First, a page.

"I think it would be beneficial to all to be able to essentially read the faces through the words and get help to the person who is hurting or angry or getting bullied, before they turn to injuring others or themselves," Bradley said.
But he said the best approach is to simply be approachable. "The key is to hopefully get to the hurting people long before they resort to violence."
He added students will often flag things to him if they see something of concern — whether online or off.
While there is no "overt monitoring" done by the TDSB, Bird said the board pays attention to any mentions or messages directed at TDSB and addresses any concerns from there.
One of the major sticking points when it comes to monitoring students' social posts centres around the issue of ethics: some suggest the practice infringes upon students' right to privacy, while others say it something best left to parents.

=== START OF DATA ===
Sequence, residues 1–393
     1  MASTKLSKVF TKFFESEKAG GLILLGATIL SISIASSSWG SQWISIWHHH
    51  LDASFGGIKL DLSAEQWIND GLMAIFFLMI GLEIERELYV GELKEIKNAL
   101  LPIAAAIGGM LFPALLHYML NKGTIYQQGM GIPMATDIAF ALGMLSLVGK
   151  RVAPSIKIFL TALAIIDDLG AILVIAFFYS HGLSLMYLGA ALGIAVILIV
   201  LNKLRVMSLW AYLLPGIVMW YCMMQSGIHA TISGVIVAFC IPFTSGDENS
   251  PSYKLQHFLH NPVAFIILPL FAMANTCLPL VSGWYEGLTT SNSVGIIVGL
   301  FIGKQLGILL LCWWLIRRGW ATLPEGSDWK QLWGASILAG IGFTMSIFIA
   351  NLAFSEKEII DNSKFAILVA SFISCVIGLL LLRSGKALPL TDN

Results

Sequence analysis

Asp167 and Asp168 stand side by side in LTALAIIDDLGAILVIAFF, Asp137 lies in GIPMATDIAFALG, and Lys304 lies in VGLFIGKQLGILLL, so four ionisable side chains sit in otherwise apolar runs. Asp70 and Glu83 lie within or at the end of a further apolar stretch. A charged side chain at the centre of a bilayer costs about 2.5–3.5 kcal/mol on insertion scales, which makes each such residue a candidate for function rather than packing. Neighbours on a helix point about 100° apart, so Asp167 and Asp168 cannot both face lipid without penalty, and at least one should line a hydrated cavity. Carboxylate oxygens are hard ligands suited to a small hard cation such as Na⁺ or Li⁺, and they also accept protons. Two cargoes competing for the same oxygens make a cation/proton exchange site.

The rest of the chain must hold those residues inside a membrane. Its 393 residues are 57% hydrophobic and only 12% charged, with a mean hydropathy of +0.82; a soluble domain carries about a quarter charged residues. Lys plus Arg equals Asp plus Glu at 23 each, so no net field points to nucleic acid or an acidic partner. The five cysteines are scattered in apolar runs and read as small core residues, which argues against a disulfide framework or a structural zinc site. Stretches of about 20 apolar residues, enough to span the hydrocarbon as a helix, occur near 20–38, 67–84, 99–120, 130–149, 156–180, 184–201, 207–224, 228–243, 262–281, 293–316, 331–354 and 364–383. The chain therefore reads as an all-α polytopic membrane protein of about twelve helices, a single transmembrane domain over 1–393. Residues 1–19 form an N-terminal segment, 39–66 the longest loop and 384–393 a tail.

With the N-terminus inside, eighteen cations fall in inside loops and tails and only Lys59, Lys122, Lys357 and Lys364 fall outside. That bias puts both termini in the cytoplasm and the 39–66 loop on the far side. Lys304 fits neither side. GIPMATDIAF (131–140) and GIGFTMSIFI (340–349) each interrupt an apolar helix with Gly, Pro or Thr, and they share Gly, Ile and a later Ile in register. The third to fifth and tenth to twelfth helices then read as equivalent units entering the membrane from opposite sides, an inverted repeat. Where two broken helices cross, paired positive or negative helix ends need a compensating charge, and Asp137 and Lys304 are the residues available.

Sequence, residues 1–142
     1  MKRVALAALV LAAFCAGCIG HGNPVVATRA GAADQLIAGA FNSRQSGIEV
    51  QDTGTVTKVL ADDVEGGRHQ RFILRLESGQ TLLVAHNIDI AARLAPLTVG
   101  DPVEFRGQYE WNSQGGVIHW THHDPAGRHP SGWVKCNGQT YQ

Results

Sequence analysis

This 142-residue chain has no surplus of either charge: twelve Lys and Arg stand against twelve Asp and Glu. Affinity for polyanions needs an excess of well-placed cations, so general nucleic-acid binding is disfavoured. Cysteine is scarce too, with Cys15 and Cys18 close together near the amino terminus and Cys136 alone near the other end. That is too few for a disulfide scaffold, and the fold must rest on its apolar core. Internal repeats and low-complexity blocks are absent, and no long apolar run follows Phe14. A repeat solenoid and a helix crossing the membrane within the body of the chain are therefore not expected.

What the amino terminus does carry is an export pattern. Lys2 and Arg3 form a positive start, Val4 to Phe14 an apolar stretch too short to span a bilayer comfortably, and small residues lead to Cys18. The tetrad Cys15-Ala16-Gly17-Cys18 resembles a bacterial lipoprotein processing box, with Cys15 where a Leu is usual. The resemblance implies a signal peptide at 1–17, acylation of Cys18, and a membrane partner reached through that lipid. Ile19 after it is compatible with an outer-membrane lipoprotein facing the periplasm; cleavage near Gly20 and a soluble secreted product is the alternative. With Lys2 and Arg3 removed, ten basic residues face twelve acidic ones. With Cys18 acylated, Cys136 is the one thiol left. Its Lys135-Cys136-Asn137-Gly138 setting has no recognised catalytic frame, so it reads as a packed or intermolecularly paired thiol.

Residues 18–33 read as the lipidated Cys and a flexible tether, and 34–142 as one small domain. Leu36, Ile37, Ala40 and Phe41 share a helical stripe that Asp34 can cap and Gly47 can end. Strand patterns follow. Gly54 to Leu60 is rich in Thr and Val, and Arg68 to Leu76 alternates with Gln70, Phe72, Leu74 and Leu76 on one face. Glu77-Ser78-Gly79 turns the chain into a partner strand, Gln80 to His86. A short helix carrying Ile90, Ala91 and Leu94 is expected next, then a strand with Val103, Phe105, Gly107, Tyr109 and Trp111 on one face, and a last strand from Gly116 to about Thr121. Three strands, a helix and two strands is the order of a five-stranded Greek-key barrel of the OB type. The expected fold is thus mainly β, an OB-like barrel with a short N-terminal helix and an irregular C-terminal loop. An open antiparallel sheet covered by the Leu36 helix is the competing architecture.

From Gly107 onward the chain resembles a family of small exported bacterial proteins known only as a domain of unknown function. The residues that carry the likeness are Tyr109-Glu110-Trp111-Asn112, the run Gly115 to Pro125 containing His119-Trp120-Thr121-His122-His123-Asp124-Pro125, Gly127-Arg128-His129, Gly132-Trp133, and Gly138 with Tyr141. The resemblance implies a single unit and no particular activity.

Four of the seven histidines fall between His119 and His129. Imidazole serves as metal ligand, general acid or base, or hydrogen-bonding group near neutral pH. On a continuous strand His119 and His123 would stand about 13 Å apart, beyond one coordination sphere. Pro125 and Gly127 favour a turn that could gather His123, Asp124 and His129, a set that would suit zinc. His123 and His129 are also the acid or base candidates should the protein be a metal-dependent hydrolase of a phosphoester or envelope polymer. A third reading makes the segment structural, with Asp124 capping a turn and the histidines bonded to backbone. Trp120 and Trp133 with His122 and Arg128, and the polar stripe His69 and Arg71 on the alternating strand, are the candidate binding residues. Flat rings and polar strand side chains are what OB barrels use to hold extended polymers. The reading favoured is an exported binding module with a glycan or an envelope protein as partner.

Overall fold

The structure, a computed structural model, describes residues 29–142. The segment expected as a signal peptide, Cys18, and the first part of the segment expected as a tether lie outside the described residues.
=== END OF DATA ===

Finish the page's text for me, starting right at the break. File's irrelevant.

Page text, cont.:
Const. Scott Mills, a social media officer for the Toronto Police Service, has been a social media advocate for 14 years and firmly believes it has a role to play when it comes to student safety.
He said he thinks monitoring students' social media is ethical, as long as it's within reason. "It's ethical if you've got a purpose for doing it, [if it's] for the success and safety of the students."
Andrew Clement, a professor of information studies at the University of Toronto, agrees.
"There may be some occasions when monitoring by school authorities may be justified, but it should only be conducted under very delimited, transparent and accountable conditions," he said.
If you ask Mills, it's not a question of if we'll eventually rely on social-media monitoring, but when.
He expects the question will one day be: "Why weren't you engaging and finding this stuff and doing something about it before something bad happens?"